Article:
That awkward moment when you’re just trying to get your daughter out of her ironclad recording contract and you end up vanquishing your enemy and taking down an entire music label instead. Oops. I love when that happens.
Yep, Rayna is celebrating. Not because Edgehill is dead (she actually feels kind of bad about that). And not because she got Jeff fired (okay, maybe a little because she got Jeff fired). But because she’s promoting Bucky to head of A&R. She pops the Champagne cork with one hand like a boss (seriously, when I do it it involves towels, protective eyewear, and sirens to clear the surrounding area) and lays out the new normal to Bucky: Edgehill artists are ripe for the taking. The key is going after the artists who are Highway 65–worthy. First order of business: Will Lexington.
As for Will, he’s giving a radio interview with a DJ who is quite literally the worst human being on the planet. After he good-naturedly complains that he doesn’t like getting up this early because “I’m more of a night owl,” she excitedly trills, “A newly single night owl!” — because what’s more fun and sexy than a guy who left his wife a few days ago? “Tell us about your love life!” she continues flirtatiously. Lady, seriously — get help.
Anyway, Will goes home, grousing to Gunnar about Gunnar’s horrible new facial hair — oh, no, wait, that was me. Actually, Will grouses about the fact that Edgehill has folded and he hasn’t received a single phone call all morning. Then he looks down sheepishly at his phone, Joey Tribbiani–style.
“Oh, crap. My phone was on silent. I’ve got ten messages!” Forgive me, dear readers, I laughed.
As Will starts doing the rounds, Jeff is already in full hustle mode. Layla reminds him that all the Edgehill artists own their own demos and he goes straight to Edgehill’s biggest dog, Luke “I Like Big Puns That Involve My Last Name and I Cannot Lie” Wheeler.
Jeff makes his pitch: With Luke’s name brand and Jeff’s industry savvy, they can start their own label and take down all comers. “You will be the name, the brand, the final word,” Jeff says, appealing to Luke’s aircraft-hangar-size ego (nobody ever said Jeff was an idiot — they said that about Teddy). Luke decides to think it over.
Then he bumps into Rayna in the elevator (because they use the same law firm? Cool coincidence, bro). I, frankly, prefer my Nashville elevator scenes to involve hot make-out sessions between Deacon and Rayna, but this one will have to do. Basically, they’re doing that thing where they pretend to be talking about one thing (Edgehill’s demise) when they’re actually talking about something else (their relationship’s demise).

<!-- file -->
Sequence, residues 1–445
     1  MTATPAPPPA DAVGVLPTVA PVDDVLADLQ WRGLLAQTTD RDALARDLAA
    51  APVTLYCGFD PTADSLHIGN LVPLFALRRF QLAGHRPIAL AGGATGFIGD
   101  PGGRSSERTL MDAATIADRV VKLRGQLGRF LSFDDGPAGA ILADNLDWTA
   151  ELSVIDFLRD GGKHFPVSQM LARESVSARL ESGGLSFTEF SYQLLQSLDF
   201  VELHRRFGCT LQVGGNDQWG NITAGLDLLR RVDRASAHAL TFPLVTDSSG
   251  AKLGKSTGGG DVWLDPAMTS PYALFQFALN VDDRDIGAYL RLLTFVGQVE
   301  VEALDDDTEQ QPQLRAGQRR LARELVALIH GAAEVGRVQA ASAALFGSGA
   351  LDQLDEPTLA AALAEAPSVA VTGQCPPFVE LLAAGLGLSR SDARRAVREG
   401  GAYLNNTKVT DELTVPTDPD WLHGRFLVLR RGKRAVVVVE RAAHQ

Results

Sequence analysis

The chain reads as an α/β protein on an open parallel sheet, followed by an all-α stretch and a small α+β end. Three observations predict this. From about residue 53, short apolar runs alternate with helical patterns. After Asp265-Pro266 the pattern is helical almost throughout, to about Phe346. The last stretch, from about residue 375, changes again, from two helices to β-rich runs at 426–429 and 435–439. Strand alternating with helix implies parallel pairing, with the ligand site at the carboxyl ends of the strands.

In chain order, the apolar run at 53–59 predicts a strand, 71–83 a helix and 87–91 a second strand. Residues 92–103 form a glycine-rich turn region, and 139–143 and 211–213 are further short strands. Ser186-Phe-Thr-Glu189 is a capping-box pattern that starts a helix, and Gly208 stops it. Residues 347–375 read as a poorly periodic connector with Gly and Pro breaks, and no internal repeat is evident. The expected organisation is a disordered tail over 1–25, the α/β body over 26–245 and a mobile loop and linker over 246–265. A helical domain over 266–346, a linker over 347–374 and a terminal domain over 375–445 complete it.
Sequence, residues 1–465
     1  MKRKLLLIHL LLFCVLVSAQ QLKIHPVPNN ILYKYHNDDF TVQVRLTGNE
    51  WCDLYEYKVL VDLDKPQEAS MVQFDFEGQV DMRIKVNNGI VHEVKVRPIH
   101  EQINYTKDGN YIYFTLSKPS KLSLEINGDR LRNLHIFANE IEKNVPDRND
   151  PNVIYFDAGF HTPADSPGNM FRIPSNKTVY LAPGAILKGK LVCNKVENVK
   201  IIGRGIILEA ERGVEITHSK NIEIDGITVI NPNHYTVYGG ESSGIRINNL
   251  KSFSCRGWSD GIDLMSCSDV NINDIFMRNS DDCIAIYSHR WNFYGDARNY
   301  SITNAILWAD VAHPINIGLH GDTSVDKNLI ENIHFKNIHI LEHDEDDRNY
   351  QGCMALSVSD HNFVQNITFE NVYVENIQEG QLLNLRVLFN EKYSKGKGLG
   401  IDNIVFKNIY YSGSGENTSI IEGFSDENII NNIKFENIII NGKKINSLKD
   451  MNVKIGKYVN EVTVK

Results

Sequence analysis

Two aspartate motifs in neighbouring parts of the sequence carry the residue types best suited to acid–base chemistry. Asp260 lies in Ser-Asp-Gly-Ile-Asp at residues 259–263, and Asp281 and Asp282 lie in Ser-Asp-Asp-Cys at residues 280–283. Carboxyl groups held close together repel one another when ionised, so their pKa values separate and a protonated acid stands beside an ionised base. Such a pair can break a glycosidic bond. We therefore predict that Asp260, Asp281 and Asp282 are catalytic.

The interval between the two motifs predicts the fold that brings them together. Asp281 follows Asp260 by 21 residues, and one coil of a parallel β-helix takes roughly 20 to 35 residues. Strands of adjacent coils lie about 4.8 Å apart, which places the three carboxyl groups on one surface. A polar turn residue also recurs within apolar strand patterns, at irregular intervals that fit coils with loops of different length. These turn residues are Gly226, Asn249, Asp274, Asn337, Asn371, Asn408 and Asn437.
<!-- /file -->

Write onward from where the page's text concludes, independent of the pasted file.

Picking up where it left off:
“What’s done is done,” Rayna says, insisting she actually has fond memories of Edgehill (read: her relationship with Luke).
“Bet you never looked back once,” Luke says pointedly, of Edgehill (read: their wedding).
She gives him a slightly piteous look: “I hope you land someplace you love.” (Read: far away from me).
And with that, Luke calls up Jeff and makes plans to launch — wait for it — Wheeling Dealing Records. (Get it? Because Wheels? [Shoots self.])
The first person they go after is Will, who, after consulting with Deacon, decides it is indeed better to go with the “devil you know.” (Not sure how Rayna is going to feel when she finds out that it was Deacon who advised Will to sign with her competitor.) Jeff tries to convince Luke to sign Layla, but he wants no part of it. In fact, after chatting up some industry insiders, Luke decides he wants no part of Jeff, either. He fires him.
“But I’m the one who knows how to run a label!” Jeff protests, a bit of desperation creeping into his voice. “Hell, man, this was my idea!”
“And it was a good one,” Luke says with his patented brand of incongruous bonhomie while he’s stabbing you in the back. “I’m just sorry I can’t have you be a part of it.”
Oh, buuuurn. Jeff Fordham fired two times in three days! I don’t think I’ve ever loved Luke’s horrible, disloyal, self-centered ways more. As for Jeff, he rebounds (sort of), by deciding to become Layla’s manager right after she signs with Highway 65! Oh, that should go well.